John Barefoot tells me that in the Capital (Sophia), the 'de poste' is deleted because there was an office there dedicated to telegrams only.

Bulgaria PCP piece   Bulgaria PCP piece

The one on the left appears to be from a similar cover dated 1914.
On the right is a different stamp with 'PCP' and different cancel, dated November 1917 on what looks like a different cover.
The difference may relate to the fact that France and Bulgaria were on different sides in World War I at that time.
These two images and the four below showing a range of the stamps bearing this overprint, come courtesy of Rolf Lamprecht.

Bulgaria PCP overprint Bulgaria PCP overprint Bulgaria PCP overprint Bulgaria PCP overprint
1905   -   50st (Mi# 58) 1907   -   25st (Mi# 56) 1909   -   25st (Mi# 70a) 1911   -   25st (Mi# 84)

I was surprised at the French influence displayed on these. I have Bulgarian telegrams from 1908 and 1912 which are entirely in Cyrillic characters,
so when I first saw 'PCP' I assumed that was Cyrillic too, but clearly not. The influence may be due to the aid provided by France in improving education in Bulgaria.

Table of stamp quantities overprinted 'PCP'.

RH# Michel # Denomination Issue Date Production Qty Mint Used On Doc.
RH-PCP1 56 25 Stot. 1901 400 from 1906 onwards 100.00 - 480.00
RH-PCP2 58 50 Stot. 1901 100 from 1906 onwards 100.00 - 500.00
RH-PCP3 70a 25 on 30 Stot. 1909 100 200.00 - -
RH-PCP3a 70b 200.00 - -
RH-PCP4 84 25 Stot. 1911 400 100.00 - 600.00
RH-PCP5 105 25 Stot. 1915 600 100.00 - 600.00
RH-PCP6 114 25 Stot. 1917 400 50.00 - -
The Michel numbers were taken from the 1956 catalogue, but they match my 2007 edition.
Quantities are taken from the handbook by Rolf Weinbrecht. For 1901 issue it is incomplete.
Michel# 70a has a red surcharge, Michel# 70b has a carmine surcharge.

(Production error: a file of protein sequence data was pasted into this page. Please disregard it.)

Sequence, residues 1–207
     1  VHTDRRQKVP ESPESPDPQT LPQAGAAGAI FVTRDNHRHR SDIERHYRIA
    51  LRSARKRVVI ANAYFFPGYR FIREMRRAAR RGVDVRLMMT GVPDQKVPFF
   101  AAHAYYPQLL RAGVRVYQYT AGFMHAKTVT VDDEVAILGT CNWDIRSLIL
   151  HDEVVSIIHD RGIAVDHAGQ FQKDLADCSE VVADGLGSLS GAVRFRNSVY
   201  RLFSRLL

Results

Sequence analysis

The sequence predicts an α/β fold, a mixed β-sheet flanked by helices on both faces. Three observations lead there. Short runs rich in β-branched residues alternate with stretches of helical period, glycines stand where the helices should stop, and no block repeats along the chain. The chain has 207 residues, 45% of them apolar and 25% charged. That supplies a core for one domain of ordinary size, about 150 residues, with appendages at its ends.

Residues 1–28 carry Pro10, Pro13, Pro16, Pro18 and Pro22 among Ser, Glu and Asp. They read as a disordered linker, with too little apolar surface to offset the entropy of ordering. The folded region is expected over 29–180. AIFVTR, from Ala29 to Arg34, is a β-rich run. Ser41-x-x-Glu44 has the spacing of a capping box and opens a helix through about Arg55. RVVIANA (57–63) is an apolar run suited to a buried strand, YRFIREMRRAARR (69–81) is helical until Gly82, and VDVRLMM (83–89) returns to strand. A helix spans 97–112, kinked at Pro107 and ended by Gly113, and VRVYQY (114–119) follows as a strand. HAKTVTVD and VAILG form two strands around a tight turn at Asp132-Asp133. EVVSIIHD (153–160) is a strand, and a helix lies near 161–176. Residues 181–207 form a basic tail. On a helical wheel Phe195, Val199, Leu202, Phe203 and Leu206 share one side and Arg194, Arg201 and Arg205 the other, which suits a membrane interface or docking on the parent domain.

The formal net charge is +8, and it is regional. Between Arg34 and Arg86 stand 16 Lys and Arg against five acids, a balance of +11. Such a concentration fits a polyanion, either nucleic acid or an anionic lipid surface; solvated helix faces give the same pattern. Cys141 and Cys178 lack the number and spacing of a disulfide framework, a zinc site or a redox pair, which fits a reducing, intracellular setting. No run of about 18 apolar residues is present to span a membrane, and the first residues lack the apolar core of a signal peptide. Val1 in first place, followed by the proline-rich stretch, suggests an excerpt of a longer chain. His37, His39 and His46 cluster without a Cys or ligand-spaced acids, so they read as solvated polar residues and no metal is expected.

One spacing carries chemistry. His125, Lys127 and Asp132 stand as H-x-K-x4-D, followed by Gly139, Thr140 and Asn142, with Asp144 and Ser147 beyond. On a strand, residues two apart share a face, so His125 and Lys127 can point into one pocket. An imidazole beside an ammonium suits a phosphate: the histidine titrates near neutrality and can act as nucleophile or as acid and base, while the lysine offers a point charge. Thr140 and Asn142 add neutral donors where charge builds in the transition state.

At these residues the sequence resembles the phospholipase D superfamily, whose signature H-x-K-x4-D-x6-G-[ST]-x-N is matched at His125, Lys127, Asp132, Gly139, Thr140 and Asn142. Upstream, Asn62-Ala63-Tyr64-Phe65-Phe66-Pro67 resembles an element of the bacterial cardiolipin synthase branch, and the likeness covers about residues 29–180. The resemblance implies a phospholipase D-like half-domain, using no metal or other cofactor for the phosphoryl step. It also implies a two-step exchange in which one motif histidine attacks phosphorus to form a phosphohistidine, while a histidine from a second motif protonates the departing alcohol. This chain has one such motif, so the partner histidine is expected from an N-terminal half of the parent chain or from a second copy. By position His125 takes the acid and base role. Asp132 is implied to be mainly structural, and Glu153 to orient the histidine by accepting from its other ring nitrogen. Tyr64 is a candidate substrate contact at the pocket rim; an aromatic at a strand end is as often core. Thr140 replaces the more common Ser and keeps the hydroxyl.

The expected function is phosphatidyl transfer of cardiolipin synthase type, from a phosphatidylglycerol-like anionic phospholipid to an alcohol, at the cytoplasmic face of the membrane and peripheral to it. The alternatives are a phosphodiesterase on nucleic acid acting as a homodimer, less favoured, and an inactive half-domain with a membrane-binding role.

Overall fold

The 1911 series has a small monogram at the bottom-right of the King. The 1915 issue does not.   
Bulgaria monogram


Table of envelopes and forms that I have seen scans of.

Date Type Denomination Issue Michel # From To Source Notes
Aug. 1905 Envelope 50 Stot. 1901 58 Sophia Berlin N. Penev 'de poste' crossed out.
Sept. 1905 Envelope 50 Stot. 1901 58 Sophia Berlin eBay 'de poste' not crossed out.
1908 Envelope 50 Stot. 1901 58 Sophia Berlin R. Lamprecht 'de poste' crossed out. 'accuse de reception / telegraphique central'
1909 Envelope 50 Stot. 1901 58 Sophia Berlin Gaertnerauk 'de Poste' not crossed out. 'H. T. A' + German seal
13 Nov. 1911 Envelope 25Stot. 1901 56 Sophia Berlin N. Penev 'de Poste' crossed out. 'Avis de réception / Telegraphique'
25 Feb. 1913 Envelope 25 Stot. 1911 84 Sophia Berlin D. Feldman 'poste' crossed out. 'Avis de réception / Telegraphique'
1 Aug. 1916 Form 25 Stot. 1911 84 Sophia Bucharest eBay For 'Legation de Roumanie'
5 Aug. 1916 Form 25 Stot. 1915 105 Sophia ? eBay Part form

All of these envelopes went to Berlin (they were collected in East Germany). Considering the French influence, it would be surprising if none were sent to Paris.
Perhaps there are quantities there yet to be discovered.


Problems with authentication.

Whilst examples on a complete document would seem to be beyond suspicion, loose stamps, or even on small piece are not.
The overprint is applied with a rubber hand-stamp that leaves no trace on the back as with a metal stamp. A cancel can also be forged.
Mint stamps are a particular counterfeit risk. According to Nikolay Penev "there is currently no competent auditor for these overprints worldwide".
He trusts only Herm Karaivanoff. Having said all that, I bought one that was being offered on an auction site.
I show it here compared to the one above on a small piece: